Friday, May 21, 2010

Sinochem buys stake in Brazil oil field

By Miles Johnson in London and Andrew Ward in Stockholm

Sinochem, the Chinese state-controlled oil company, has bought a $3bn stake in a Brazilian offshore oil field in the first sizeable Chinese energy investment into South America’s biggest economy.

The sale of a chunk of the deep water Peregrino field, owned by Norway’s Statoil, concludes a tightly contested auction process dominated by Chinese oil companies eager to establish a presence in Brazil’s large oil reserves.

White House accuses BP of ‘falling short’ - May-21.Kazakhstan drops $1.3bn case against KPO - May-21.Asian sovereign wealth funds target US shale gas - May-19..The $3bn price for a 40 per cent stake in the offshore heavy oil field marks a large return on investment for Statoil, which in 2008 bought 50 per cent of Peregrino from the US’s Anadarko Petroleum for $1.8bn as part of a package of assets.

People with knowledge of the auction said other firm offers came from Chinese state-owned oil companies Cnooc and Sinopec, and an unnamed company from India, with early interest from Total, Shell and ExxonMobil.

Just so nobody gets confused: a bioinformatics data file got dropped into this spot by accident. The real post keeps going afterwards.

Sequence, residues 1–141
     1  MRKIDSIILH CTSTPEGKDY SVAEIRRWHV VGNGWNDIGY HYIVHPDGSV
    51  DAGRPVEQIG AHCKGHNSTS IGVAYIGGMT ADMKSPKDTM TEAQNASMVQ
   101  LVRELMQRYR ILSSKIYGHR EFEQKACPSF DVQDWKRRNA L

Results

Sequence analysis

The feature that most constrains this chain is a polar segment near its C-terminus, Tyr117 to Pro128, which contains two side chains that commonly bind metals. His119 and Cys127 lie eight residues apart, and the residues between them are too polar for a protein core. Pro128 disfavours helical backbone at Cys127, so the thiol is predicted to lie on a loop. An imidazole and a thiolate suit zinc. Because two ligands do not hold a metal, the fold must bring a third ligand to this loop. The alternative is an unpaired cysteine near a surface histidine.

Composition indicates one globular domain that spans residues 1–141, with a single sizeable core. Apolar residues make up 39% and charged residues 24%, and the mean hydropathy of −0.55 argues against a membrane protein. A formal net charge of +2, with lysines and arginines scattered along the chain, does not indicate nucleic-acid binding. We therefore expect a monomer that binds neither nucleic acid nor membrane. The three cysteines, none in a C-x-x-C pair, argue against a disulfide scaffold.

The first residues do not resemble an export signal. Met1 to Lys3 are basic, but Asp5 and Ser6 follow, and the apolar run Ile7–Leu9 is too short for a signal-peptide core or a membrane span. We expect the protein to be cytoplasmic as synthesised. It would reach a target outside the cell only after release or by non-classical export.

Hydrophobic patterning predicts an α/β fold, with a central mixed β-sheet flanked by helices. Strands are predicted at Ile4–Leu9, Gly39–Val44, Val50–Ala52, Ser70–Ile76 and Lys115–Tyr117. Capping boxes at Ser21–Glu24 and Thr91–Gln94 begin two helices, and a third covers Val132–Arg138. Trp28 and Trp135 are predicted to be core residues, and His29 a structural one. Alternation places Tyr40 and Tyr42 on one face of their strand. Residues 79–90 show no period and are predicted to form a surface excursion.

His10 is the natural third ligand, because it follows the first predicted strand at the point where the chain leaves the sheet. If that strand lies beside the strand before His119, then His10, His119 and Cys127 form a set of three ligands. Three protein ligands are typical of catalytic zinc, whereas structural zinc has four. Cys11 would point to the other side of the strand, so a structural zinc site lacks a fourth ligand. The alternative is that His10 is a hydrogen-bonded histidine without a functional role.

Statoil, 67 per cent owned by the Norwegian government, said it was a natural step to find a partner for the next stage of development and stressed its commitment to further exploration in Brazil as a “key part” of its international strategy.

In addition to selling the Peregrino stake, Statoil also agreed a memorandum of understanding with Sinochem to explore other opportunities in Brazil and elsewhere together.

Statoil is seeking fresh growth in places such as Brazil, the Gulf of Mexico and Africa to offset decline in its mature North Sea oil and gas fields.

The group saw its production on the Norwegian continental shelf decline by 7 per cent over the past year alone.

US investment bank Jefferies acted as sole financial adviser to Statoil.

The dominance of Asian companies in the late-stage bidding illustrates the increasing difficulty Western international oil operators have in financially competing for choice assets with aggressively acquisitive companies from the east.

China’s state-owned oil companies, which require state approval when purchasing foreign assets, rarely bid against each other in competitive auctions.

Sinochem is the second Chinese operator to enter South America this year after Cnooc, China’s largest offshore operator, bought a 50 per cent stake in Argentina’s Bridas for $3.1bn in March.

Sinochem already has a small presence in Colombia through its acquisition of the UK-listed independent explorer Emerald Energy last year.

The Peregrino field, discovered in 1994, is located 85 kilometres offshore in Brazil’s Campos Basin, and contains estimated recoverable reserves of between 300m-600m barrels. Production is due to start in 2011.

The heavy, viscous crude extracted from the field must be transported in heated tankers to avoid it solidifying on route.

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